A Wish Squashed Unexpectedly Granted
In 1976 our family moved to Fauquier, BC, at the beautiful Arrow Lake. Between our neighbor’s and our house grew a dozen or so young cedar trees. Nor more than five meters tall at the time they were just the right height to let the sun shine on our deck and provide the privacy Gertrud needed for taking a little break from the mounting duties in our seven-members’ household.
Inge, our neighbor, often came over for a visit and a cup of coffee. At one of those occasions she made the generous offer to have the cedar trees cut down to add more light to the south side of our house. However, we opted to maintain the fine balance between light and privacy and adamantly opposed the idea.
Ten years later we began to regret our decision as the cedars had almost doubled in height. Inge had moved to Vancouver and eventually sold the house to Dave, who although being a bachelor impressed us with his impeccably clean house and yard. He also loved the trees on his property, which, having turned into green giants, were preventing with their dense foliage the sun rays from reaching our home. We virtually lived in a shadowy world. I approached Dave a couple of times in an attempt to convince him to take out just a few of his beloved cedars. But he always gave me the negative reply. So at the end Gertrud and I gave up and resigned ourselves to the steadily growing darkness in and around our house.
Suddenly, Dave passed away one night of some undetermined illness and his brother sold his house to some friends in Calgary. Again we are very lucky in getting some very fine neighbors, who take good care of their yard. Even though Tony and Anne are using their property mostly as a summer residence, they often travel the 600 km or more to keep their land attractive and in top shape. For them work appears to be recreation. First they built a storage shed, then they solved their drainage problem by building a massive retaining wall and then after their trailer showed some water damage, they decided to build a garage.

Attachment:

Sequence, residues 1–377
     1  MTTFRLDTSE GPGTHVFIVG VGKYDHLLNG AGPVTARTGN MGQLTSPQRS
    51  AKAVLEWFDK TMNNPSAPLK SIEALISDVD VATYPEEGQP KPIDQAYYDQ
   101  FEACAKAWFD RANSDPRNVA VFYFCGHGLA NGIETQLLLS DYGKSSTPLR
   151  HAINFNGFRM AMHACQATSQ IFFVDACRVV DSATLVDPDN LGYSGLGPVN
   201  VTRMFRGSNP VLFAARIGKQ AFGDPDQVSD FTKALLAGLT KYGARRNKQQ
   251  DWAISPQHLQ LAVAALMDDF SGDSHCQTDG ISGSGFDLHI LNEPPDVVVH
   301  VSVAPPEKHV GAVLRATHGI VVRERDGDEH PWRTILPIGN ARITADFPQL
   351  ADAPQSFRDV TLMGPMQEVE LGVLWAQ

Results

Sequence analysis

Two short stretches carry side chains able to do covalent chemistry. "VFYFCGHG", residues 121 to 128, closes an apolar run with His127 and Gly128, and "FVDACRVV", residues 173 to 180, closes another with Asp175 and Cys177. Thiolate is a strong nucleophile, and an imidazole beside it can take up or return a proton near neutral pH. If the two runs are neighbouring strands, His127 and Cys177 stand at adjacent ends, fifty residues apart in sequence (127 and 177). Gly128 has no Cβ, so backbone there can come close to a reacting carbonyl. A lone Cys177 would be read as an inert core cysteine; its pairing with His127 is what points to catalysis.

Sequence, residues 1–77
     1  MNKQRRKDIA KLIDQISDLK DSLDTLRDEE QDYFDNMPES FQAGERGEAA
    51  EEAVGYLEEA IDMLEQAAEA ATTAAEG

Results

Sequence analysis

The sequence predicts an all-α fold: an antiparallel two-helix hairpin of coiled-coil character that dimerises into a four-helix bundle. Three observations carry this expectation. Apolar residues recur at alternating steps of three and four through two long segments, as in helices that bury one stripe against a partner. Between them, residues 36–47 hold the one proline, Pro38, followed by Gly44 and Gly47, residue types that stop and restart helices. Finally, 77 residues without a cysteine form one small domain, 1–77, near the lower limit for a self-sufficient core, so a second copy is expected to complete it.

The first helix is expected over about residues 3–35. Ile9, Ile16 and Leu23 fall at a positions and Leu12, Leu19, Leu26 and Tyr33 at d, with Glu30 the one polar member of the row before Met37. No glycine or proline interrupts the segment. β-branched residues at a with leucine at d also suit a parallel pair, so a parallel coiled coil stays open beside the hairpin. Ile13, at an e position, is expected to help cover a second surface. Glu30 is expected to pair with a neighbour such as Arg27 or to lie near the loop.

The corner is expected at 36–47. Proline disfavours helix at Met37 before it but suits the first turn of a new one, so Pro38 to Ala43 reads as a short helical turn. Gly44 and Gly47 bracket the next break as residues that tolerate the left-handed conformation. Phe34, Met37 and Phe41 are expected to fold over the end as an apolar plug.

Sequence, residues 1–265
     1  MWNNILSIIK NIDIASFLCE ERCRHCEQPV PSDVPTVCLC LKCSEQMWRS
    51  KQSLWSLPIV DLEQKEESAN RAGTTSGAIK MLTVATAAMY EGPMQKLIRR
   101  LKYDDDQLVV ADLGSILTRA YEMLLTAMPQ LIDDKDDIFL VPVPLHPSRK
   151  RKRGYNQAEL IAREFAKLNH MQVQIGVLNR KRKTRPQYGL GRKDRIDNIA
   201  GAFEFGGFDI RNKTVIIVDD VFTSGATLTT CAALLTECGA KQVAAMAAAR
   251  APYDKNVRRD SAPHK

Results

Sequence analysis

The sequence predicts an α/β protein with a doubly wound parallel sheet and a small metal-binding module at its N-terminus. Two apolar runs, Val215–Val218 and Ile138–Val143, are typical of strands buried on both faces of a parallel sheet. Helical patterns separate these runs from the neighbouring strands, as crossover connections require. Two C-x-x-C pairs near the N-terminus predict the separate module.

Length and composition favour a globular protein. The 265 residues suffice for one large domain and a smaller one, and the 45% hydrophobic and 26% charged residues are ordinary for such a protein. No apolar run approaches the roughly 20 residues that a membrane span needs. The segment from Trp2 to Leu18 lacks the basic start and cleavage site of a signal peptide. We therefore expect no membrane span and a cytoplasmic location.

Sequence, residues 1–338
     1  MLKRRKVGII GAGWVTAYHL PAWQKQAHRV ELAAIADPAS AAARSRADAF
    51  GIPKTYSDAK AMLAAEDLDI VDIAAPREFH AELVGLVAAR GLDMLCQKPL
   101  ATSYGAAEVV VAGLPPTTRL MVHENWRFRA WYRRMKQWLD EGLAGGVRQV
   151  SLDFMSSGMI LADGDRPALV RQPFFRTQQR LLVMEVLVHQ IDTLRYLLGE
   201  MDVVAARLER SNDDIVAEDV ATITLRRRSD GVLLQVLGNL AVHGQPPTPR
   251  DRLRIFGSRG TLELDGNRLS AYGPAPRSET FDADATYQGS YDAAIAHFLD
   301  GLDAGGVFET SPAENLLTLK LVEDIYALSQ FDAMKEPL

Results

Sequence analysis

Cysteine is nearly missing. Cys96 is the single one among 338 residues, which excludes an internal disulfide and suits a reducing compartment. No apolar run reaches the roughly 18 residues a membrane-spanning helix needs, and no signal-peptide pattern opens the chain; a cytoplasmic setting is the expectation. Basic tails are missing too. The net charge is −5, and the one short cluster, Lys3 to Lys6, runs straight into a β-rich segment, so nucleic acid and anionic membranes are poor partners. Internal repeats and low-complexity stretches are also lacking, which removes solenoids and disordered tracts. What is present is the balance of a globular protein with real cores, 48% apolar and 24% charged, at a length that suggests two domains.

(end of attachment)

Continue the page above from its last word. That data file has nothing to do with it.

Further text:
By now, you must be wondering what I am driving at with my strange post. Perhaps you think that Peter got ‘off the rail’ with his theme “Irony of Life”, but read on and look at the photo gallery below. You guessed it. To build a garage between their house and ours more than half of the cedar trees had to be removed.
After only three days, for the first time in 30 years, precious sunlight was flooding bedroom, bathroom, and the mobile home living room and office. This is the irony of life. After you have given up on whatever your desire used to be, no matter how intense and urgent, you see its fulfillment, when you least expect it.
Now we feel a new conflict in our hearts. Yes, we need and love sunshine. But we also love trees and know their value for our environment.For that reason we also feel a little bit saddened by the loss of those mighty trees.